Print this page    •   Back to Web version of article

Warning: Do Not Combine Reyataz and Prilosec

December 31, 2004

A new study has found that if Reyataz (atazanavir), whether taken with or without ritonavir, is used with Prilosec (omeprazole, a proton-pump inhibitor used to reduce stomach acidity, for treating acid-reflux disease or other conditions), the blood level of atazanavir is reduced by three quarters or more, probably making it ineffective and leading to viral resistance. A December 2004 warning from Bristol-Meyers Squibb and the FDA said that doctors should not coadminister atazanavir (with or without ritonavir) with omeprazole. (This was already the recommendation before the new warning, but now the seriousness of the problem is more clear.)

Another kind of medicine to reduce stomach acidity, H2-receptor antagonists (such as Zantac, Tagamet, etc.) might also lower atazanavir levels; a study to find out is now ongoing. Until its results are available the following warning is included in the Reyataz label (full prescribing information for physicians), as of December 2004:

"Reduced plasma concentrations of atazanavir are expected if H2-receptor antagonists are administered with REYATAZ (atazanavir sulfate). This may result in loss of therapeutic effect and development of resistance. To lessen the effect of H2-receptor antagonists on atazanavir exposure, it is recommended that an H2-receptor antagonist and REYATAZ be administered as far apart as possible, preferably 12 hours apart."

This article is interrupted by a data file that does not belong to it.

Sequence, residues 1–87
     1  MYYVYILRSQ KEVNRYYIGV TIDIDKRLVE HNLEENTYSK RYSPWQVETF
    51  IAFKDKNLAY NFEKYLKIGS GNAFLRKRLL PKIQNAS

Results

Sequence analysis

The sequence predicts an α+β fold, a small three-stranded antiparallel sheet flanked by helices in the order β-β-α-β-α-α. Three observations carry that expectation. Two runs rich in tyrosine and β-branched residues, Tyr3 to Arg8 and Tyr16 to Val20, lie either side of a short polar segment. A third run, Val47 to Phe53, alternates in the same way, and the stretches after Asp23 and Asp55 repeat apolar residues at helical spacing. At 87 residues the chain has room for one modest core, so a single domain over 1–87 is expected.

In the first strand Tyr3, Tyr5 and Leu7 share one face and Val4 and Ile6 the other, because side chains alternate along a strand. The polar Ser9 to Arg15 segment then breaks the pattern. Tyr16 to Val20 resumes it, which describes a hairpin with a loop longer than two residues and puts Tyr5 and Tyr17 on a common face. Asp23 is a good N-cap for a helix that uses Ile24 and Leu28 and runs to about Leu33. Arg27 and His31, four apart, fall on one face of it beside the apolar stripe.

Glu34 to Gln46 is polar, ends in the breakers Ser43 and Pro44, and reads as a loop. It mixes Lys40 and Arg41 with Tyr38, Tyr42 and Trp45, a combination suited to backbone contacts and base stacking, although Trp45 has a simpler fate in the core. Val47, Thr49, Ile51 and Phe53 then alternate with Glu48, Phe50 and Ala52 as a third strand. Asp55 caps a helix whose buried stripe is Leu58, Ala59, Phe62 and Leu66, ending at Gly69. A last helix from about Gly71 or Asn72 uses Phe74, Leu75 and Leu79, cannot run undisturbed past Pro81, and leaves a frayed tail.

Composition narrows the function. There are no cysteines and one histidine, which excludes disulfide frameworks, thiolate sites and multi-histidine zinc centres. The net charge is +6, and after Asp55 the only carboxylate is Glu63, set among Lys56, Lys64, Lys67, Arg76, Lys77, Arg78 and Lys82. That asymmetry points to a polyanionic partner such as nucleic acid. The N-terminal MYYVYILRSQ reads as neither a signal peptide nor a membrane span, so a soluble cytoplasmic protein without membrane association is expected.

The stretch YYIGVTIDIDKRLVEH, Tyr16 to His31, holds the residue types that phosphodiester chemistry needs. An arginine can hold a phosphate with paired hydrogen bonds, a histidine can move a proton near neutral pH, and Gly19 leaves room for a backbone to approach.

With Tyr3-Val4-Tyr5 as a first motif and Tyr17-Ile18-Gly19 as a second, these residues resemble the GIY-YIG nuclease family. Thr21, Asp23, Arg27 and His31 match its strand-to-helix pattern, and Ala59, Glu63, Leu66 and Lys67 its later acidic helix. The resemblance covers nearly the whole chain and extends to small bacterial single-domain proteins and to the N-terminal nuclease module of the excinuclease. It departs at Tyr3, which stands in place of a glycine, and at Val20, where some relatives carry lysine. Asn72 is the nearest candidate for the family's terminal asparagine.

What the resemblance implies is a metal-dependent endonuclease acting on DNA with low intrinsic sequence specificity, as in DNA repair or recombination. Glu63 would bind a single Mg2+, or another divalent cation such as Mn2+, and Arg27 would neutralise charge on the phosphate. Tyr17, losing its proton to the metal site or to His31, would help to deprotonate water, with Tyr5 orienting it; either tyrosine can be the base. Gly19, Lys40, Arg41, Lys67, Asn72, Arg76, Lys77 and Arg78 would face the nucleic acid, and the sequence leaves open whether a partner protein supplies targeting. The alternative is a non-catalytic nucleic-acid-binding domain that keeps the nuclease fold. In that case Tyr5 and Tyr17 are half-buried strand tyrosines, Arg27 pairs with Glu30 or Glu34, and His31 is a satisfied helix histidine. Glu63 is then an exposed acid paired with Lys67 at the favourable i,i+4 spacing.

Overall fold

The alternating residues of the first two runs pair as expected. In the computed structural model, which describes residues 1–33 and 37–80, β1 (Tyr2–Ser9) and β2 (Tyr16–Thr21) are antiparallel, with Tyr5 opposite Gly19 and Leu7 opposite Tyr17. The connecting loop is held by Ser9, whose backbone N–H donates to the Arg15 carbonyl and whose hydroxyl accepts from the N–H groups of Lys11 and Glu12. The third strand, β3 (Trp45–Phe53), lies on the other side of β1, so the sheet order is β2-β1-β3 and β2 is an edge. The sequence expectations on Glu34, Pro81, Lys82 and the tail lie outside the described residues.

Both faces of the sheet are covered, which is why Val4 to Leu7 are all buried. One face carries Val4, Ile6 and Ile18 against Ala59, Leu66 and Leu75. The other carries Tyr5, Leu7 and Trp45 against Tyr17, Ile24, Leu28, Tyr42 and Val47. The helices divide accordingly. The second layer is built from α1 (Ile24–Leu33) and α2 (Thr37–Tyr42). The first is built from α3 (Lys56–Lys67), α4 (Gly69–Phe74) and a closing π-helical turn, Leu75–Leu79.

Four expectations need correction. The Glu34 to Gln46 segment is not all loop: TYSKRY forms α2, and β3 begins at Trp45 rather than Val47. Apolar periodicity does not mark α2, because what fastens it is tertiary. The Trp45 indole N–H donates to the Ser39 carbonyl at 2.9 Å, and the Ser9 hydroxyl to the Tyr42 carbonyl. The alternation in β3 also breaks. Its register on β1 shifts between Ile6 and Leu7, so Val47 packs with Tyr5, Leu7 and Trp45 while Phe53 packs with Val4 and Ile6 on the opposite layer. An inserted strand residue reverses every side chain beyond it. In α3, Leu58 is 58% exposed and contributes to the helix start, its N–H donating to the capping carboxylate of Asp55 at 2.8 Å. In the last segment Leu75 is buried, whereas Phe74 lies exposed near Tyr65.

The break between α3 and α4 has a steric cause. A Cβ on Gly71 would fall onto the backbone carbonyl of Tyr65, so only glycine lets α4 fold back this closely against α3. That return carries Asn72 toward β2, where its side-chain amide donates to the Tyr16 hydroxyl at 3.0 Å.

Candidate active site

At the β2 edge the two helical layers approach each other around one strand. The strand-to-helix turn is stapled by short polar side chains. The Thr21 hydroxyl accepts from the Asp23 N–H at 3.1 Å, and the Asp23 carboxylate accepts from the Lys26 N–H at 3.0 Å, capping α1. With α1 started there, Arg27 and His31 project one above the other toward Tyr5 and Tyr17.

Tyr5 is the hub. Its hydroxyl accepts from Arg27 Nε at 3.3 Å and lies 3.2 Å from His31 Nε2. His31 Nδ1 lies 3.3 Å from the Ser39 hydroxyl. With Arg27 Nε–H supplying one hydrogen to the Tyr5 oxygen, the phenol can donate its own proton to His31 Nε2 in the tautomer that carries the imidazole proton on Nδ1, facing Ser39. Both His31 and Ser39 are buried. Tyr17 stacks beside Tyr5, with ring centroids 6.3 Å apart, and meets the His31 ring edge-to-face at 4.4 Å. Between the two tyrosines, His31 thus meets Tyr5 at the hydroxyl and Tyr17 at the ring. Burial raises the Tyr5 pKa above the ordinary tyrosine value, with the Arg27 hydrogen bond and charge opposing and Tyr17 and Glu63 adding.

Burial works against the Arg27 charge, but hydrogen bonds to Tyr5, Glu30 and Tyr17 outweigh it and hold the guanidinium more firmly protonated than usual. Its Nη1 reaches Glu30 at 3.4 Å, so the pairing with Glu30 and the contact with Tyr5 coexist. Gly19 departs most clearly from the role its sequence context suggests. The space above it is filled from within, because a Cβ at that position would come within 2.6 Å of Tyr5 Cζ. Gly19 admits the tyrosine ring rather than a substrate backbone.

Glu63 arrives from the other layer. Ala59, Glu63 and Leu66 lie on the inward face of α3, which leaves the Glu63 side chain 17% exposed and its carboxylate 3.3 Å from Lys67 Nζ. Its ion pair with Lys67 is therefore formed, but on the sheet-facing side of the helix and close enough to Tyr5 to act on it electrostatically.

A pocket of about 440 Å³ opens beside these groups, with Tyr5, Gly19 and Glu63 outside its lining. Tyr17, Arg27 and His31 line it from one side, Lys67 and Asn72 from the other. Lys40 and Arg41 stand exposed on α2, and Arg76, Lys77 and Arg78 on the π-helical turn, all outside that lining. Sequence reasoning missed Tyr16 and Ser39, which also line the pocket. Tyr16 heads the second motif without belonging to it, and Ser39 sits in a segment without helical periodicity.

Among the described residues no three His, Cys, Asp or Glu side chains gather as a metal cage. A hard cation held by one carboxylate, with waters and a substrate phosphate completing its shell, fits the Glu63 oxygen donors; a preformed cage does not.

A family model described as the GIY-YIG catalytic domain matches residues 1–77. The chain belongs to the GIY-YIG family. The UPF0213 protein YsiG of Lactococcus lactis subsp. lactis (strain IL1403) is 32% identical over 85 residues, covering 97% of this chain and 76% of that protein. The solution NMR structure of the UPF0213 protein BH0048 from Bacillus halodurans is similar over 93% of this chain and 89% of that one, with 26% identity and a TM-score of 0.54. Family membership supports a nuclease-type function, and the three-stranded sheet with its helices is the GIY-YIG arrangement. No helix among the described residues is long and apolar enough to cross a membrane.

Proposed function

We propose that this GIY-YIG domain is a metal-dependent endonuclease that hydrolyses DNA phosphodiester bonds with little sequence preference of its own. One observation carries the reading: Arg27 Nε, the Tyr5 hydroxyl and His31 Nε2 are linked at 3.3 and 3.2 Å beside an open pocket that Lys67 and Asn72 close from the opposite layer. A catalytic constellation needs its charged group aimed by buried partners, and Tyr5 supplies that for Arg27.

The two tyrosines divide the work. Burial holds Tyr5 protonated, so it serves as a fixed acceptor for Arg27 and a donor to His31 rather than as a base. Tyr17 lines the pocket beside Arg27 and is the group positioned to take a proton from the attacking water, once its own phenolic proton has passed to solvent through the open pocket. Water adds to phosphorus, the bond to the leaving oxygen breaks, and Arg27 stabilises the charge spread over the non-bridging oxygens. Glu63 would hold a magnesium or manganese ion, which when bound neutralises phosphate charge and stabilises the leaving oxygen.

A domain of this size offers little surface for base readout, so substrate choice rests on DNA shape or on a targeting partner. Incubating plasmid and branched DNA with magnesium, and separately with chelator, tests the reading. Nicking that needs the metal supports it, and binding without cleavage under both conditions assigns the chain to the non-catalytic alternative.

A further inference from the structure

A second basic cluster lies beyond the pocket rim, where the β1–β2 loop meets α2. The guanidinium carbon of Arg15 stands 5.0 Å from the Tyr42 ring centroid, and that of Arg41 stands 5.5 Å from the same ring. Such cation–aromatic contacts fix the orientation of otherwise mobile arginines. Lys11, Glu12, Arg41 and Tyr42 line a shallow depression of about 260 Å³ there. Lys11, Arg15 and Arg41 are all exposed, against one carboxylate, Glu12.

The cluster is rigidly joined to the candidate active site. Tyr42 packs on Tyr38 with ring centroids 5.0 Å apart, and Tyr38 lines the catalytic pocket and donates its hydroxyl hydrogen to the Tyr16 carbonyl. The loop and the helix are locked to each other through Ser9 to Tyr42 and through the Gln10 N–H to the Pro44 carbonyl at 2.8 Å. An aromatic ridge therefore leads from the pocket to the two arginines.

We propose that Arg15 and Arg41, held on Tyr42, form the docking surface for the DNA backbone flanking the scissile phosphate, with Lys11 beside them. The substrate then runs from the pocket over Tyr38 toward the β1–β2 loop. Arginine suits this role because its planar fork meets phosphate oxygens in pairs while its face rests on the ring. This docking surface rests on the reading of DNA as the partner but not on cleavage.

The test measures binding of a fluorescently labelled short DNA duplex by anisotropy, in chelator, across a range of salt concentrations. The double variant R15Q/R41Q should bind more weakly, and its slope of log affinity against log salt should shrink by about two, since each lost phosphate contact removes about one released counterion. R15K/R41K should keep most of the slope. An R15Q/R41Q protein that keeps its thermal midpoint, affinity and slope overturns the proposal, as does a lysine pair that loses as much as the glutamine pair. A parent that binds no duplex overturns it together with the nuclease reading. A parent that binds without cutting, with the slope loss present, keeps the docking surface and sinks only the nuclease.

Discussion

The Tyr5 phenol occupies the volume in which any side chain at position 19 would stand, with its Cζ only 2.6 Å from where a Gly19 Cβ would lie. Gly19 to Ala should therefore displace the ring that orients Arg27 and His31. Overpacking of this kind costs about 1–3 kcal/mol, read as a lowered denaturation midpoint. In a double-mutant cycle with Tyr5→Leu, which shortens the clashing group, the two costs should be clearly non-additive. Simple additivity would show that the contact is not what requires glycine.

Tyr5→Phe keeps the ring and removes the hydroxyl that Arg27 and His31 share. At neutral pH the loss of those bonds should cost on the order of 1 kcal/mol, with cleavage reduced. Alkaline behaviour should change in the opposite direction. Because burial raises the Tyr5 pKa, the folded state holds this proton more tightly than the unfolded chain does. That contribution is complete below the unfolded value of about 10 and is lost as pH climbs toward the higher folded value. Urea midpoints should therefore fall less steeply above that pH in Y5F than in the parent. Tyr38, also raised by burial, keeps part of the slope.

For more information check the current label, available at www.reyataz.com. See the "patient information" or "full prescribing information" links (in early January 2005 these worked with some but not all Web browsers).


ISSN # 1052-4207

Copyright 2004 by John S. James. Permission granted for noncommercial reproduction, provided that our address and phone number are included if more than short quotations are used.


Back to the AIDS Treatment News December 31, 2004 contents page.




This article was provided by AIDS Treatment News. It is a part of the publication AIDS Treatment News. You can find this article online by typing this address into your Web browser:
http://www.thebody.com/content/art31645.html

General Disclaimer: TheBody.com is designed for educational purposes only and is not engaged in rendering medical advice or professional services. The information provided through TheBody.com should not be used for diagnosing or treating a health problem or a disease. It is not a substitute for professional care. If you have or suspect you may have a health problem, consult your health care provider.